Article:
In the second half of the season, the Joe Schmidt-inspired attack has successfully implemented a ball-control policy where the All Blacks can win most of the penalties awarded at scrum (three out of four at Twickenham) and lineout drive (three out of three), then sit on the field positions they obtain until the pips of the opposition start to squeak.

The main worry is that when New Zealand begins to lose control of the breakdown defensively – zero penalties conceded in the first half as against three in the third quarter, then four plus a yellow card in the final 20 minutes – their defence can be exposed. It is the one part of their game which has not ‘kept up with the Joneses’ and improved at the same rate as the other aspects, since the introduction of Schmidt and forwards coach Jase Ryan mid-term.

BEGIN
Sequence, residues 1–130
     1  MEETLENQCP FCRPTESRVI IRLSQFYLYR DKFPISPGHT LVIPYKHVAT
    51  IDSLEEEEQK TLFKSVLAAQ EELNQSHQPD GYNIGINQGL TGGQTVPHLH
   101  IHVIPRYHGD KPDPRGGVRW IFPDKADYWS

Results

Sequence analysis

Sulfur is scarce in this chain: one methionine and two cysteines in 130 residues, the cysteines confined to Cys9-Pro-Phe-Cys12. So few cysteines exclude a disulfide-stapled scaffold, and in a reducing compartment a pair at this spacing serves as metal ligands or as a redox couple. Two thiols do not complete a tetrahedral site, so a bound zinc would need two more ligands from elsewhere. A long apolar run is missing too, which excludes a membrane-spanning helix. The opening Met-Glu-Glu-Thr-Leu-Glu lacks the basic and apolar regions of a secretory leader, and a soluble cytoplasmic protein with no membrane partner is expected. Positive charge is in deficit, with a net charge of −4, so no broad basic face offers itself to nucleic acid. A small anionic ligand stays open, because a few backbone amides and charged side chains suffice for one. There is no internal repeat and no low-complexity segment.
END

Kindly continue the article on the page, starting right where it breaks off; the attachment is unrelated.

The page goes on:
Let’s take an in-depth look at why the New Zealand D failed so miserably down the stretch in West London. We can pick up the story with England’s first try which led to Beauden Barrett’s eventual dismissal on a yellow card:

England win back a short kick-off dropping just over the 40m line in midfield, and both the New Zealand centres (Jordie Barrett and Reiko Ioane) retire to the same side of the defence without taking stock of England’s attacking options on the next phase. They have their backs to the next play, and we have seen this lack of communication and sense of disconnect before.

This is how the next phase unfolds as the shot widens:

With both of the Kiwi centres dropping to the same side, two tight forwards (Brodie Retallick and Nepo Laulala) have been left high and dry, defending in 25 metres of space against six England attackers including backs Marcus Smith, Owen Farrell and wing Johnny May. Unsurprisingly, the new English ‘wunderkind’ Smith is able to run straight past Retallick and set up a scoring ruck right on the New Zealand goal line.